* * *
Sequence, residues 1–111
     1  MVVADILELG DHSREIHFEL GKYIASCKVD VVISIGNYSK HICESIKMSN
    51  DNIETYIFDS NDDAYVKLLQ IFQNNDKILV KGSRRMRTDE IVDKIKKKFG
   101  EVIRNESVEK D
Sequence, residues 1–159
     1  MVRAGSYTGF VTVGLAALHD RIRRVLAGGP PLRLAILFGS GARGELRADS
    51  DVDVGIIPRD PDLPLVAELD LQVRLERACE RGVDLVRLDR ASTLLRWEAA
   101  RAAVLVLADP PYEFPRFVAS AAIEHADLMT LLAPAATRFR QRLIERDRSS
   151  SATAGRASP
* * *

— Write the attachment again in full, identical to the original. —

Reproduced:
Sequence, residues 1–111
     1  MVVADILELG DHSREIHFEL GKYIASCKVD VVISIGNYSK HICESIKMSN
    51  DNIETYIFDS NDDAYVKLLQ IFQNNDKILV KGSRRMRTDE IVDKIKKKFG
   101  EVIRNESVEK D
Sequence, residues 1–159
     1  MVRAGSYTGF VTVGLAALHD RIRRVLAGGP PLRLAILFGS GARGELRADS
    51  DVDVGIIPRD PDLPLVAELD LQVRLERACE RGVDLVRLDR ASTLLRWEAA
   101  RAAVLVLADP PYEFPRFVAS AAIEHADLMT LLAPAATRFR QRLIERDRSS
   151  SATAGRASP